Chablowski brings with him a deep understanding of the most exciting areas for emerging research in chemistry and a good ability to help faculty develop stronger research proposals, said Seely. “I’m excited to have a pair of fresh eyes helping the department frame its goals and objectives, someone with the administrative skills to help the faculty realize those goals.”

Beffel is an artist who works in many forms and media, including the visual and performance arts. She replaces Roger Held, who is completing seven years as chair of VPA. Beffel joins Michigan Tech from Syracuse University’s College of Visual and Performing Arts, where she has taught since 2000. She defines herself as a “time artist” which she says means that she is deeply interested in connecting art and social context in time, using all forms and media.

“Anne’s interests as an artist intersect with every area of expertise and emphasis within the department,” Seely said. “She seems an almost perfect fit to guide the department forward.”

Joshi, a plant molecular biologist recognized worldwide for his research and teaching, has been serving as interim chair of biological sciences for the past year, on leave from his position as a professor in the School of Forest Resources and Environmental Science. He has been on the faculty at Michigan Tech since 1996. He has chaired the University’s Biotechnology Research Center, and in 2011, he won Michigan Tech’s Research Award for his investigation into how trees make cellulose.

Joshi takes over the chairmanship as the Department of Biological Sciences celebrates its 50th anniversary, Seely noted. “It is more than fitting that Shekhar’s appointment will continue a process of strengthening the department’s efforts in graduate and undergraduate education and research, for no institution these days can claim to be a research university without a strong presence in the biological and life sciences. Shekhar is arriving at an exciting time in the biological sciences.”

All three new department chairs, Seely added, have had distinguished careers that demonstrate academic and administrative accomplishments and a commitment to education that promises success in their new roles. “I am deeply gratified at their willingness to take on one of the hardest roles in academic administration. But I am even more excited about the chance to work closely with these three energetic and enthusiastic new chairs,” the dean said. “I ask the campus community to help them feel welcome as they arrive in Houghton over the next month.”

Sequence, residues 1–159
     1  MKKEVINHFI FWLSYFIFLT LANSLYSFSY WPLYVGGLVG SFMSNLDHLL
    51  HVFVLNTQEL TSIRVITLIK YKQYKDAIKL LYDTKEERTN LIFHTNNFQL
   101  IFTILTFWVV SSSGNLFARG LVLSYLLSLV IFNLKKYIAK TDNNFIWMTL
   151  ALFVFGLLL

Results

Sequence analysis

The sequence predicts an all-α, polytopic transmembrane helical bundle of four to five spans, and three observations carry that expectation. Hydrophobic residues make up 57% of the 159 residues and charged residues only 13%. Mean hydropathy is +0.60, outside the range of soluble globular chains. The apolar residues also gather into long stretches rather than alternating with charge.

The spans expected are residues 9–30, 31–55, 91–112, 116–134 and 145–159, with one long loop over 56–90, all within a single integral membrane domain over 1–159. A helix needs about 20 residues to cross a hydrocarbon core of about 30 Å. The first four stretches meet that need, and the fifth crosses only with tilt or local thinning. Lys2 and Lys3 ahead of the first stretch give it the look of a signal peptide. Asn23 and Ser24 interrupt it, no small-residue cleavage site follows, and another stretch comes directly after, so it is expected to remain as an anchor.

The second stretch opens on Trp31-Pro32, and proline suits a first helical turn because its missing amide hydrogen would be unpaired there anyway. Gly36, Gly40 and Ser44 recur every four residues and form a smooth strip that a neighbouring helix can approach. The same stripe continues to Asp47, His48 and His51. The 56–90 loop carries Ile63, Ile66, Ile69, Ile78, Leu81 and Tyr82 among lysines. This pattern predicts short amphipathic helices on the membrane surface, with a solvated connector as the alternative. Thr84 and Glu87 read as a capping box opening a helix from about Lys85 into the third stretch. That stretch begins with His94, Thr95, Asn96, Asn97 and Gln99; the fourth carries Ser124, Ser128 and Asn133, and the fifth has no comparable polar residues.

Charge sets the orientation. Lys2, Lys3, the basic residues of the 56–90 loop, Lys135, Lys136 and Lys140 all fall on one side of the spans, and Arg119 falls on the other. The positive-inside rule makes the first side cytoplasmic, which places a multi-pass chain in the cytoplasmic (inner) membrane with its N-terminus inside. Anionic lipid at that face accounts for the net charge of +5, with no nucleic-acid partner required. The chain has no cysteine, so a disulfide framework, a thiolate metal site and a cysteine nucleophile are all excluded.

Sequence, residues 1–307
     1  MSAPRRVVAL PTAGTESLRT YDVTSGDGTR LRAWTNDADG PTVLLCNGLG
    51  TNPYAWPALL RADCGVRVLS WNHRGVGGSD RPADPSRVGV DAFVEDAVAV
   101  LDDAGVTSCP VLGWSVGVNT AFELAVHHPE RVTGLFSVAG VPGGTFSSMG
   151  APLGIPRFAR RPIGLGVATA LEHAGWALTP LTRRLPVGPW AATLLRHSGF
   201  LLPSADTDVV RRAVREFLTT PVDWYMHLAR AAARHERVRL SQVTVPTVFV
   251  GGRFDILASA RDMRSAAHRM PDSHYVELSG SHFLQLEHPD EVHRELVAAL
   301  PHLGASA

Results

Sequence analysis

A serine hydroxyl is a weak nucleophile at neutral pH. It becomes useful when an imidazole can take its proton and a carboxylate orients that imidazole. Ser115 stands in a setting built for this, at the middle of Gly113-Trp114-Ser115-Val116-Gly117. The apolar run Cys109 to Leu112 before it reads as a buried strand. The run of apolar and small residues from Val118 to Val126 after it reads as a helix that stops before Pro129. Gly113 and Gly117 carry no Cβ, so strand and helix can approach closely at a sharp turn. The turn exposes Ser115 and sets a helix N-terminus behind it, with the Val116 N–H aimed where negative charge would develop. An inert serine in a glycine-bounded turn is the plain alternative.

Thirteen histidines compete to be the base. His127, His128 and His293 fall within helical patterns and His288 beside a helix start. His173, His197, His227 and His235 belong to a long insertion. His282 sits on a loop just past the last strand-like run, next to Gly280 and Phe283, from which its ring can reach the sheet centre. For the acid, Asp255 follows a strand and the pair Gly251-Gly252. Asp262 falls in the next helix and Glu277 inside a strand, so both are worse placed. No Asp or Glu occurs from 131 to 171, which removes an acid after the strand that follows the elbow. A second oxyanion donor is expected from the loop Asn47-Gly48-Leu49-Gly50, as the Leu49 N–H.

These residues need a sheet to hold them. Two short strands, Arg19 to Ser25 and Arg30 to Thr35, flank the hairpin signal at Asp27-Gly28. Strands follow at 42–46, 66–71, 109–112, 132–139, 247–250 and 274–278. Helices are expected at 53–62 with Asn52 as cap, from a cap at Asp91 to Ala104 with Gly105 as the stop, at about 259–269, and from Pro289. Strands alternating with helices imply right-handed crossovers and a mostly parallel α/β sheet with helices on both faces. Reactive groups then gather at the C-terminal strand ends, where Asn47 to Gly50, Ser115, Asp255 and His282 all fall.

Onder, Werner Receive Distinguished Teaching Awards

by Travis Gendron, student intern, Tech Today, June 3, 2013

Success is all in the planning–just ask the 2013 Distinguished Teaching Award recipients.

For assistant professor of genetics and developmental biology Thomas Werner, who won the award in the assistant professor/professor of practice/lecturer category, each semester starts an entire year in advance. “People think I’m crazy to start planning my courses so early, but I like to check all of the material to ensure that it’s accurate,” he said. “I spend about twelve hours preparing for each fifty-minute lecture.”

Nilufer Onder, associate professor of computer science, won the award in the professor/associate professor category. She also tries to plan her courses far in advance.

“I always look at the semester as a whole so I can avoid surprises and navigate the busy points more easily. It’s a matter of looking for patterns and trying to evenly distribute the workload for students,” she said.

Onder came to Michigan Tech in 1999, after receiving her PhD from the University of Pittsburgh in the same year. The former Middle East Technical University systems programmer teaches Formal Models of Computation and Artificial Intelligence courses, and advises the Women in Computer Science and Upsilon Pi Epsilon computing sciences honor society.

Students in her Formal Models class wrote, “Dr. Onder really cares about her students. She frequently asks for student input during class to make sure we truly understand what she is trying to teach us”; “She promotes online and offline learning and gives every student great opportunities to succeed. You can tell she truly puts her heart into the course and wants everyone to succeed”; “She is far and away the best teacher I’ve had in my five years at Tech. She consistently goes above and beyond.”